Katie Nelson-Coffey, University of the South – Happiness Gap for Mothers

On University of the South Week:  Why is there a happiness gap for mothers?

Katie Nelson-Coffey, assistant professor in the department of psychology, explores this question.

Katie Nelson-Coffey has taught at Sewanee since 2015. She earned a B.S. in psychology from the University of Mary Washington and an M.A. and Ph.D. in personality/social psychology from the University of California, Riverside. In her research, she uses multiple methodologies (longitudinal, experimental, daily experience) to study how and why close relationships influence well-being. Her research focuses on what leads people to live happy and fulfilling lives. To this end, she examines how simple behaviors, as well as family life, influence health and well-being. Nelson-Coffey enjoys engaging students’ research interests and invites student collaborators with interests in personality, health, and well-being.

Happiness Gap for Mothers


Although many parents describe their children as the sources of their greatest happiness, raising children can also be demanding, stressful, and downright exhausting. Parenting clearly brings opportunities for both happiness and unhappiness.

In addition, mothers and fathers often play different roles at home, and those differences can affect their happiness as parents. In a recent series of studies, my colleagues and I asked: Who is generally happier—fathers or mothers?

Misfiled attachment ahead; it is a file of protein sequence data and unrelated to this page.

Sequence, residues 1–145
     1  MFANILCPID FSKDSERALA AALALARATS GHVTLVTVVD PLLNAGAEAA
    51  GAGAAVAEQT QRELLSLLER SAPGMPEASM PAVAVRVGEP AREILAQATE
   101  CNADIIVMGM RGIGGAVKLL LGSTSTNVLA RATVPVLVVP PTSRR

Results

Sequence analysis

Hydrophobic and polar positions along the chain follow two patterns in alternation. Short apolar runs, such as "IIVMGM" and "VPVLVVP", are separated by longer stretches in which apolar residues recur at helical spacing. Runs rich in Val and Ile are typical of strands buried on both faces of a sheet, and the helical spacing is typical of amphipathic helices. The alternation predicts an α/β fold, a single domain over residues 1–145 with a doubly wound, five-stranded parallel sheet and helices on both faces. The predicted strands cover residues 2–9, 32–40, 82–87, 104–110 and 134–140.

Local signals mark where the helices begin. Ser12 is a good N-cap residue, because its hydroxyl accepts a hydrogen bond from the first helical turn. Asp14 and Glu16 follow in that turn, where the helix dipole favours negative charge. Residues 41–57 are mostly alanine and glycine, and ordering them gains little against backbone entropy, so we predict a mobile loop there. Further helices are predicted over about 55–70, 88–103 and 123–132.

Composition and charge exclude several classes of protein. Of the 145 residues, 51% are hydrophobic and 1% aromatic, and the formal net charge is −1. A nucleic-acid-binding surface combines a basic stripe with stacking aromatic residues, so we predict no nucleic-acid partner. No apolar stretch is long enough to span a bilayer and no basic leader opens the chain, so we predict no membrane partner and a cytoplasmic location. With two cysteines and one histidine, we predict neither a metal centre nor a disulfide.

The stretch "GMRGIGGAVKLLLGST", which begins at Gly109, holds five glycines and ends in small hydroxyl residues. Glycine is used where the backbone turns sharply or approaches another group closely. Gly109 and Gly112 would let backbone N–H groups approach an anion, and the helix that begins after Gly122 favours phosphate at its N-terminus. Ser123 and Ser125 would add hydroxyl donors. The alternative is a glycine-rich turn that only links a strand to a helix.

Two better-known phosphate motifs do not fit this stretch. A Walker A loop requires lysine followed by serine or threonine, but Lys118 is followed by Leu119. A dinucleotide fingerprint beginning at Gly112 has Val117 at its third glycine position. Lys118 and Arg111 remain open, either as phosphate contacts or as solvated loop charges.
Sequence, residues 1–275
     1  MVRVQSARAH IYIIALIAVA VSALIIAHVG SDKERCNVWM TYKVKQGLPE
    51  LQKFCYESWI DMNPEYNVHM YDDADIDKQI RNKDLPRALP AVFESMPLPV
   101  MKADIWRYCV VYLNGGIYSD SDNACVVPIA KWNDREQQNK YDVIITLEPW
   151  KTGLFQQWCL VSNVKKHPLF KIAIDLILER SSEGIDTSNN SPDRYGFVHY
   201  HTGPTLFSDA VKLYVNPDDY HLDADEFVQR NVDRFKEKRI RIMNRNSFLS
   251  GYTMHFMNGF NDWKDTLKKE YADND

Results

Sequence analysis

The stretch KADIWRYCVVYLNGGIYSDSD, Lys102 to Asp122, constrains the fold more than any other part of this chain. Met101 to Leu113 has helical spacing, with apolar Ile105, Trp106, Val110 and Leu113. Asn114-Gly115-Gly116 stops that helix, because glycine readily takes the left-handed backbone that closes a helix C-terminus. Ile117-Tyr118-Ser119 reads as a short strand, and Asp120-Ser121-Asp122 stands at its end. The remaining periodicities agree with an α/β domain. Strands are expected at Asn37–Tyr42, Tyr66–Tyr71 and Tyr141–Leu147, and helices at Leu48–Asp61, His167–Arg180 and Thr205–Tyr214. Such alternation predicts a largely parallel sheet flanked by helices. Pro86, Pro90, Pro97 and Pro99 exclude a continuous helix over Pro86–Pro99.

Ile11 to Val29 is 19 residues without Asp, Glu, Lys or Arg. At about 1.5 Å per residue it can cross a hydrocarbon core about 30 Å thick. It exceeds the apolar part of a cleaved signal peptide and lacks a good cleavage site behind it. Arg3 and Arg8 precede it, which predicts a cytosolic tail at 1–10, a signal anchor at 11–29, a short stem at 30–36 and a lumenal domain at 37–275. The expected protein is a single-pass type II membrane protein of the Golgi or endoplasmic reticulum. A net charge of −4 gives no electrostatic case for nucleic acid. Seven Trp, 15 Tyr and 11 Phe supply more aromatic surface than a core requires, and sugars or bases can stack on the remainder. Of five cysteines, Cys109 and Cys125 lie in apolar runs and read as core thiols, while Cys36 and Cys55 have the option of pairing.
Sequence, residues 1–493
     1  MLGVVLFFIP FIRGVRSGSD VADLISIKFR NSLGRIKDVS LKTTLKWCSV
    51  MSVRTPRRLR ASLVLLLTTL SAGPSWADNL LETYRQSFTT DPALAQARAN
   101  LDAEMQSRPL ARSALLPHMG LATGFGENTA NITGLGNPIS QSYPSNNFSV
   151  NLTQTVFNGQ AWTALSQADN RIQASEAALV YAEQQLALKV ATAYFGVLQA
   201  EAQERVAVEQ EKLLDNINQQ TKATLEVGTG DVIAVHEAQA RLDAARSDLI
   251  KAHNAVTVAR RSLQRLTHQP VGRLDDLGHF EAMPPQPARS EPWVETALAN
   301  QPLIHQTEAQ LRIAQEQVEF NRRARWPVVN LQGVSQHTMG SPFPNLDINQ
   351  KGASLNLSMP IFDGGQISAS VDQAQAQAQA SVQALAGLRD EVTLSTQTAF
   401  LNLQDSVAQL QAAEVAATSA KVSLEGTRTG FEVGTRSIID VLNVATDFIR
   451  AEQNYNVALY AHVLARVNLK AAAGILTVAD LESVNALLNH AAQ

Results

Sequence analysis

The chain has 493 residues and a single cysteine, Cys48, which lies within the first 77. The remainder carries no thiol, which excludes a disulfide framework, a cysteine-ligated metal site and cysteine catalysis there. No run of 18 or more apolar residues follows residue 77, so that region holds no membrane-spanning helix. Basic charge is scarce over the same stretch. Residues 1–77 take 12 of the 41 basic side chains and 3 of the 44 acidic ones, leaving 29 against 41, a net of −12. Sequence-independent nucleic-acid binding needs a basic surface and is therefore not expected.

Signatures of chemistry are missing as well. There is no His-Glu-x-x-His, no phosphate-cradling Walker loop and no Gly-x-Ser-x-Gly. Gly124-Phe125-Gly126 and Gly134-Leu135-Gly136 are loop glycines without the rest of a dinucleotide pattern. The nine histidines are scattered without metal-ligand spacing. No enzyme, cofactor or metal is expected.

In our first two studies, we were interested in general happiness levels. In these studies, fathers reported greater happiness and lower depression than mothers did, and they were also happier than men who do not have children. Yet mothers reported more daily stress than fathers and women without children.

In our third study, we wanted to understand parents’ feelings of happiness throughout the day, especially when they were caring for their children. Using the website www.trackyourhappiness.org, parents were contacted several times each day for 3 weeks and asked what they were doing, who they were with, and how happy they felt at that moment. Then, we compared mothers’ and fathers’ moods when they were taking care of their children with their moods while they were doing other activities.

Fathers reported happier moods while they were taking care of their children than other activities during their days, whereas moms felt less happy while they were taking care of their children. Notably, fathers were more likely to engage in play while they were taking care of their children, which suggests one reason why fathers are happier than mothers.

More work is needed to fully understand why dads are happier than moms, but one possibility involves how labor is divided in two-parent households. Making efforts to divide labor evenly, so that both parents have opportunities to engage in play with their children, may be one way to reduce the happiness gap for mothers.

  1. Helen Mills

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